Describing the result of Wednesday's vote as "outstanding", Schulz said that this was "a key moment at the start of a new phase in European politics". He pointed out that this is the first commission elected entirely on the basis of the Lisbon treaty.
All previous commission presidents were appointed by the European council and then approved by the parliament. Under the Lisbon treaty, the council must take into consideration election results in the parliament before appointing a candidate.
Schulz reminded his audience that only a year ago, he and Juncker were both vying to become the next president of the commission, but that despite their past rivalry and political differences, he supports the former prime minister of Luxembourg and believes he will be a success.
"We cannot use greater deficits to finance [my investment package, therefore] the private sector must be greatly involved in the overall effort" - Juncker
Juncker thanked Schulz for "the good cooperation over the last few weeks and months, talking to each other virtually every day". He stressed that the two presidents must "work hand in hand". He noted that following last May's elections, the new parliament "is composed in quite a different way from its predecessor, yet this vote shows it is a convinced parliament" and described himself as "extremely happy with this result".
Juncker had previously announced a €300bn investment package to boost growth and employment in the EU. He insisted that he would start working on it straight away, and that the actual programme would be presented by the end of December.
Considering the current delicate economic climate throughout the EU, he explained that "we cannot use greater deficits to finance [this investment package, therefore] the private sector must be greatly involved in the overall effort".
When questioned on immigration and UK prime minister David Cameron's wish to limit the influx of immigrants from member states into Britain, the president-elect stated that the freedom of movement "is a basic principle of the EU […] and we are not prepared to change it, because if we destroy freedom of movement, other freedoms will fall".
He said that the commission was "not ready to compromise in an irresponsible way, but member states having to deal with [the problem of immigration] are free to take the initiatives they want as long as they are in line with the treaties".
In terms of entering into negotiations with Britain on the issue of its membership, Juncker reminded the audience that he had already announced in July that he wanted "a fair deal with Britain", but that as "the commission is not currently in a position to see what the UK will propose, it is not in a position to see how it will respond". Furthermore, he described the situation as "not as dramatic as it seems".
On the overall question of immigration, and especially refugees, Juncker said that this is a problem that requires solidarity on the part of all member states. He has designated a commissioner for migration, who will deal with both illegal and legal migration. Specific policies and budgetary aspects, however, remain to be determined, and no specific timeline was given.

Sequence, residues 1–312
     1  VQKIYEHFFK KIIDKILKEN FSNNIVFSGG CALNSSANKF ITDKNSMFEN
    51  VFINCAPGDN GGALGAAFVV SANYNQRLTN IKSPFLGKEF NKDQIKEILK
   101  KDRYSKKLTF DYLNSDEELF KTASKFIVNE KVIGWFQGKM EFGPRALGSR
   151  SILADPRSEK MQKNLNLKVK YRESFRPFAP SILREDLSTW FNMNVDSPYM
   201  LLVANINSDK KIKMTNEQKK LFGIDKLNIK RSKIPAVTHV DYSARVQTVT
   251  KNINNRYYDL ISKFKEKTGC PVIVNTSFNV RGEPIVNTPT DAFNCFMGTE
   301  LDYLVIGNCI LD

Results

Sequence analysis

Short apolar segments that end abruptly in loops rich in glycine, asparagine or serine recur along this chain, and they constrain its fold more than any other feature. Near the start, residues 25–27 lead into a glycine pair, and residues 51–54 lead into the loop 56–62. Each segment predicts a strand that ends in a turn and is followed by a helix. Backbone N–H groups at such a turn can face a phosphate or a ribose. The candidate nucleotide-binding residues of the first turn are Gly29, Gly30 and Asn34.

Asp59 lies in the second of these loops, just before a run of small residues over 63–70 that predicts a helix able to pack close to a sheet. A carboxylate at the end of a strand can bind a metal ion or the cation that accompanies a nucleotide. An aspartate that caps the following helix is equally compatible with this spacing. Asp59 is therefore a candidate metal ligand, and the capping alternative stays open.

"Schulz reminded [Juncker] that he himself had declared over the summer that 'the country where a company makes its profits must be the country where a company pays its profits'"
Schulz described the issue of immigration as "a permanent problem". He highlighted that "most refugees or asylum seekers want to go to three countries [Germany, France and Sweden] out of 28", and that the problem must be dealt with jointly by all EU states. He noted that it is important to provide refugees and asylum seekers with "the necessary treatment for a decent life" and that "they should have access to a job and finance their own lives".
As the former prime minister of Luxembourg, Jean-Claude Juncker was also asked about the investigation launched by the commission in June, looking into the tax treatment of multinational companies in several member states.
The Grand Duchy of Luxembourg is accused of questionable tax treatment of Fiat's financial branch, which is based within its borders. The events occurred at a time when Juncker was head of state.
Asked if he would be involved in the investigation, either overseeing it or even as a defendant, the next commission president insisted he would not be "a party in any such case" and that he would be "very careful not to have any involvement in proceedings".
Schulz interjected and reminded his commission counterpart that he himself had declared over the summer that "the country where a company makes its profits must be the country where a company pays its profits", and that taxation and the assignment of profits to specific countries was an important point he had committed to.
Schulz insisted that he would not let Juncker forget the promises he has made.